I am interested in this topic because it loosely coincides with a class discussion I had in my Language in Society and Culture class.  In this linguistics class I am reading a book on African American Vernacular English (AAVE) or "spoken soul" as it is sometimes called.  In my discussion we began to talk about black writing and a classmate made a point that expression for the black community is mostly oral.  For example, a very distinct characteristic in AAVE is the use of preaching as well as rhythm in speech.  My TA mentioned that the problem with writing is that characteristics of rhythm and intonation are completely lost on the page.  These are the very characteristics which can make AAVE unique from mainstream white speech.

Of course, the discussion around AAVE is fraught with controversy. Many people do not want to acknowledge it and others want to declare it as a separate language.  Then of course there is the question of who speaks AAVE? Certainly it is not spoken by all African Americans and it is not always exclusively spoken by African Americans either.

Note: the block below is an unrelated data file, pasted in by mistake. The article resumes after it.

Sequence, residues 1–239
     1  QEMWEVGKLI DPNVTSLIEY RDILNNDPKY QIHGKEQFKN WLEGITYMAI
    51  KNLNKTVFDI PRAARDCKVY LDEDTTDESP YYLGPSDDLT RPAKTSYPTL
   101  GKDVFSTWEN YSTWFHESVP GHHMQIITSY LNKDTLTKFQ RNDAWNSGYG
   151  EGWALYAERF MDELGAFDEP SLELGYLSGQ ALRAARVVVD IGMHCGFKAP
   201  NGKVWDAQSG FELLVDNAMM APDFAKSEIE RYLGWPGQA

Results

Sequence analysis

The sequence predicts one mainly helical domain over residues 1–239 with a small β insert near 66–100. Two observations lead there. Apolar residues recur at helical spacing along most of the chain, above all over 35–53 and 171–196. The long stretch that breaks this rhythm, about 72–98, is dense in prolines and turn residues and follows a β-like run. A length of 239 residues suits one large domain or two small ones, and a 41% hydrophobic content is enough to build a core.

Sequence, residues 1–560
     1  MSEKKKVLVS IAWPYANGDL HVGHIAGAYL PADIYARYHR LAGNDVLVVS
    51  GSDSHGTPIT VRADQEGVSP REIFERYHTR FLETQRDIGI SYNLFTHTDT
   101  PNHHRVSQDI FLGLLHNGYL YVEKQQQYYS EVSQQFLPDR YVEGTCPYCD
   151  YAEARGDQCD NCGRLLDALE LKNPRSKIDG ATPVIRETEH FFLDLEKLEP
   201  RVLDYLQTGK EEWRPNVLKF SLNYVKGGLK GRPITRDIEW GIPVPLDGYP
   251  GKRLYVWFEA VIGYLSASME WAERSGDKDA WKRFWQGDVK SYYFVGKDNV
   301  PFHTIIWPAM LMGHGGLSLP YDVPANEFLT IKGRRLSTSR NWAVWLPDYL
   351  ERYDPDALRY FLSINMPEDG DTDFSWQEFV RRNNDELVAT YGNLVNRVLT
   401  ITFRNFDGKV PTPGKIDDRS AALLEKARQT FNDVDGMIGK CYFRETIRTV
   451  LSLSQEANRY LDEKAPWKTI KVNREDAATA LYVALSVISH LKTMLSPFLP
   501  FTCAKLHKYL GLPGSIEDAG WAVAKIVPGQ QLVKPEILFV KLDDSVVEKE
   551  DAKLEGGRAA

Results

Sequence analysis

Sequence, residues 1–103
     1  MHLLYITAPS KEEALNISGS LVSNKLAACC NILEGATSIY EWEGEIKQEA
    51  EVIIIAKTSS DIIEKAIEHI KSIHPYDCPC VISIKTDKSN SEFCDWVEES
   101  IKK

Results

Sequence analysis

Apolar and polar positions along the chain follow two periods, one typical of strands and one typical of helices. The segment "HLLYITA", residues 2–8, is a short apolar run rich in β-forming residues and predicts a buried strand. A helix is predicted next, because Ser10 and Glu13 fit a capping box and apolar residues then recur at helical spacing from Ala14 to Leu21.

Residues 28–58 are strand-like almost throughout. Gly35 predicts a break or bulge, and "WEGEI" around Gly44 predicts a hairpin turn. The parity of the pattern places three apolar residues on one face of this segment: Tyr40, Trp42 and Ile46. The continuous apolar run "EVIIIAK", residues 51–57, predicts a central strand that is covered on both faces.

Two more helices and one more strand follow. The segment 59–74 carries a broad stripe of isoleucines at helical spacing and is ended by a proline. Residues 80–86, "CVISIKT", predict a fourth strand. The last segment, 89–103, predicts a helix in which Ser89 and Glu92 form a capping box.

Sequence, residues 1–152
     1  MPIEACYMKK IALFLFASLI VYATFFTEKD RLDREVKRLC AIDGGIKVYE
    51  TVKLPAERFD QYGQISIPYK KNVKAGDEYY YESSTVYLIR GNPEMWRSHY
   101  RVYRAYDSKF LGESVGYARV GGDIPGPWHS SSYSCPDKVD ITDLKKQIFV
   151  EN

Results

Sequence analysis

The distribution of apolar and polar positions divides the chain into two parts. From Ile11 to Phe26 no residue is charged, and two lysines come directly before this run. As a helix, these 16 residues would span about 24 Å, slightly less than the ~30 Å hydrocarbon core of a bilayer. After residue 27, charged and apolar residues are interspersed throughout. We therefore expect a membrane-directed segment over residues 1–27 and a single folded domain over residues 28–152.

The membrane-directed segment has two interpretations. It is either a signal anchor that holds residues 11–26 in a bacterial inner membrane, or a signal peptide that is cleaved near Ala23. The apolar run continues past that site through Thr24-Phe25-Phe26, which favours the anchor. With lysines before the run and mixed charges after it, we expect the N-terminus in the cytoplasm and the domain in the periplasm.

The reason a discussion of AAVE is relevant to this interview with Amiri Baraka is that he is making the point that black literature is often "white" in the same way that American English can be viewed as white or black. In society, AAVE can be a marker that you belong in the group. Conversely, writing similarly to a middle-class white person may put you in that group with middle-class whites.  Meanwhile, Baraka believes that music is directly black and is therefore more legitimate.  Using spoken soul in theater, poetry, or music is a marker of identity in a way that may not be conveyed as freely or clearly in writing.